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I found this movie to be a charming film and very engaging on both a
personal and a social level. The story is drawn from the lives of an
East Berlin family struggling to cope with the changing world as their
way of life is challenged. The father, having reportedly left the
family for the West years before, is not present and the mother
replaces her spousal needs with the love of her country and its way of
The premise of the film centers on the frail mother, who falls into a coma mere weeks before the fall of the Berlin wall. Eight months later, she regains consciousness, and her children are told not to excite her, lest she have another episode.
Bound by their love of their mother, the son and daughter seek to shield her from the changes in her culture. In their apartment, they recreate the conditions of the world she remembers, right down to the labels on the food they serve her. As the mother comes into contact with the inevitable disparities between her new world and the one she remembers, the son compounds the deception, eventually creating false newscasts to explain the phenomena she witnesses in a manner more consistent with her core assumptions of life.
The film is touching, tender, funny and dramatic. However, the elements that really drew me in were the historical construction and the plot device of deception.
The historical construction was the way in which the son, through his efforts to explain the increasingly Westernized elements of German society his mother observes, recreates East Germany as the country he could have faith in. As he recreates history to incorporate current events, he softens the harshness of the party rhetoric, reforming the socialistic ideal closer to the compassion for the masses and the acceptance of the 'enemy' capitalists. The film makes ample use of actual news footage in his narrative, footage that adds sharp contrast to Alex's version.
This contrast is a striking reminder about how much of our social conscience is constructed through the lenses we choose to observe reality and recall history. Alex had quickly come to give up his socialist devotion (though the film does make it clear form the beginning that the adult Alex was already disenchanted with it). But as Alex fabricates news reports and artifacts for the illusion he's providing his mother, he actually appears to be inventing a system of socialism that he can feel proud of. It's almost as if in trying to console his mother, he connects to her by reinterpreting her world into something he can interface with, building common ground.
How much of our own social history is constructed in this manner? We champion our own system of free market democracy as the 'city on the hill' for other nations. We raise up the virtues of our freedom and individuality (and there are indisputably many virtues), while ignoring some of the more sorted historical results it has yielded. We choose which portions of our history we celebrate, and which portions we condemn to academic obscurity.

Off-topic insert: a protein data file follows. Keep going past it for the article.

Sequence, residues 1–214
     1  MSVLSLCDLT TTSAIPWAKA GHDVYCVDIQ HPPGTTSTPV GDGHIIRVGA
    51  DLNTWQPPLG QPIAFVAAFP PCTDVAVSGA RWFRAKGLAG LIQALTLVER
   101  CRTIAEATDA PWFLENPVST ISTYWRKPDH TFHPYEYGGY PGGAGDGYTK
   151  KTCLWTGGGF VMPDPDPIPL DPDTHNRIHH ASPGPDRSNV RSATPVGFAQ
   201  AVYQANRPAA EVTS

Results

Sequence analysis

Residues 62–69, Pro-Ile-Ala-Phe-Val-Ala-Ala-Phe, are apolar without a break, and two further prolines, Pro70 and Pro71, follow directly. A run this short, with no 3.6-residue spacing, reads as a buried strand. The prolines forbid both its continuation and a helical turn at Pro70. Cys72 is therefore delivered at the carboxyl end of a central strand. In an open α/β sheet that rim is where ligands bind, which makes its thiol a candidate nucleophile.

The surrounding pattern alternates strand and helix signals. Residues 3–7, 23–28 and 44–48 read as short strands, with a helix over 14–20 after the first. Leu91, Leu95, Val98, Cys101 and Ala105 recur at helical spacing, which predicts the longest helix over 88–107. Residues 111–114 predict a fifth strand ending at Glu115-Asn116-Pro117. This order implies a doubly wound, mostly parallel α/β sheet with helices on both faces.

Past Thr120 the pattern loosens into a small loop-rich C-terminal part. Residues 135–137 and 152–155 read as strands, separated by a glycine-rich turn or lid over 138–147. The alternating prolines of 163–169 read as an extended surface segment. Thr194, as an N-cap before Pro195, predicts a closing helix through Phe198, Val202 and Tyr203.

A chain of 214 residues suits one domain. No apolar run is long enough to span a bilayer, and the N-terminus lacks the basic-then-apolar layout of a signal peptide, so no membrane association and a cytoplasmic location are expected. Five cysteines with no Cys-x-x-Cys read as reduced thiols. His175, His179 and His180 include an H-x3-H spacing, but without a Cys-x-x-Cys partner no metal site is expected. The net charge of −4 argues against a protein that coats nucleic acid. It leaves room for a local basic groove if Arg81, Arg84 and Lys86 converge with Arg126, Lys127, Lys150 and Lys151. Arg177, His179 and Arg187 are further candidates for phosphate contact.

Americans use history to construct our national mythology. Like Homer and Virgil before us, we compose idealized stories of virtue and create narratives that resound with the language of legendary epics. And because of this mythology building exercise, we often fail to see our own cultural reality for the flawed imperfect collection of group effort that it is. That's why we feel so betrayed when our leaders make simple human mistakes or we see representatives of our culture participating in a manner that runs counter to our values.
No where is this phenomenon so pronounced as when it comes to our national leaders. We look back on our founding fathers and through our myth building, elevate them to superhuman stature. Our high school students may not remember what wars Washington fought in or what political initiatives he took but they remember that he cut down a (fictional) cherry tree and refused to lie about it.
We remember the elegant words that our predecessors crafted without remembering the pain and suffering their efforts exacted from other people. We remember that Thomas Jefferson advocated 'Equal and exact justice to all men, of whatever state or persuasion, religious or political ' while conveniently forgetting that he was ambivalent at best to the degree that freedom extended to those in a state of slavery. We forget that founding father quarreled, that at times they misrepresented each other's interest to foreign leaders and that on occasion may have even tried to kill one another.
The founding fathers we remembered were well educated, civil and wise.
Against this tapestry of myth we watch contemporary politics play out, trying desperately to spin events into frameworks that reinforce our desires for justice and virtue.
We are all Alex, trying to reconstruct a new view of history that makes us more proud of where we come from. We invent and reinvent history to suit our needs and like Alex, do so in the name of providing a safe environment (or better way of life) for others.
The destruction of the Berlin Wall in 1989 was a historically significant
event not just for the people of Germany, but also for much of the rest of
the world. Aside from reuniting two vastly different political systems,
this remarkable incident marked a turning point for the capitalist
occurring within many of the other socialist states. Filmmakers worldwide
have since explored the causes and effects of the German Reunification,
even today, they continue to bring new insight and a fresh perspective to
event that occurred nearly fifteen years ago. Wolfgang Becker's GOOD BYE,
LENIN! is among the most recent of such films, and probably among the best
of them as well.